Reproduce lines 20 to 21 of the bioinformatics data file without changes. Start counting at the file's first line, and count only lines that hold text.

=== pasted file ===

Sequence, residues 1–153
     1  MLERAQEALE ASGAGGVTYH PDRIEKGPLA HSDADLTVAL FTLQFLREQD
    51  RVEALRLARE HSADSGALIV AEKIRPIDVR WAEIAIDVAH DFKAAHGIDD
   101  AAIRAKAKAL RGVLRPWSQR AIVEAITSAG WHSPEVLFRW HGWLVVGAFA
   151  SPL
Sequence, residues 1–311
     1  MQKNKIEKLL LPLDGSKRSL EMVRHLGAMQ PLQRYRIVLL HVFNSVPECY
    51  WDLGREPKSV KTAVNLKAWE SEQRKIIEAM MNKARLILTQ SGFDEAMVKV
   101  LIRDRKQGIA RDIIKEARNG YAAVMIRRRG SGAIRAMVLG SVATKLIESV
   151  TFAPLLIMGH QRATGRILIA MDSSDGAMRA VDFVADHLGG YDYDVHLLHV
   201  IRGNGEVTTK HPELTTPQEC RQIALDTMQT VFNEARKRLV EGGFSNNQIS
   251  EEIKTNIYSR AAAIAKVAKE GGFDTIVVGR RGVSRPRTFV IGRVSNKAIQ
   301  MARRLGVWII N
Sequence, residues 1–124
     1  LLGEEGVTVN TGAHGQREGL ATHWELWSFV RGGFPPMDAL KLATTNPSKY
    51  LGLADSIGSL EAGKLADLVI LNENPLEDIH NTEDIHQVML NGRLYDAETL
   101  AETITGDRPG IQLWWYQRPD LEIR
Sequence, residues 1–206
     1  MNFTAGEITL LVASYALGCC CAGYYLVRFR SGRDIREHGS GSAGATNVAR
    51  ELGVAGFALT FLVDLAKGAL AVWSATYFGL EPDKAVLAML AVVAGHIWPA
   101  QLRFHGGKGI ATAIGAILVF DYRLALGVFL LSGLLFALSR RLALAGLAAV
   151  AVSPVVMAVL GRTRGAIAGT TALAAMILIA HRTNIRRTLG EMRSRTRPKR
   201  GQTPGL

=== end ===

    51  ELGVAGFALT FLVDLAKGAL AVWSATYFGL EPDKAVLAML AVVAGHIWPA
   101  QLRFHGGKGI ATAIGAILVF DYRLALGVFL LSGLLFALSR RLALAGLAAV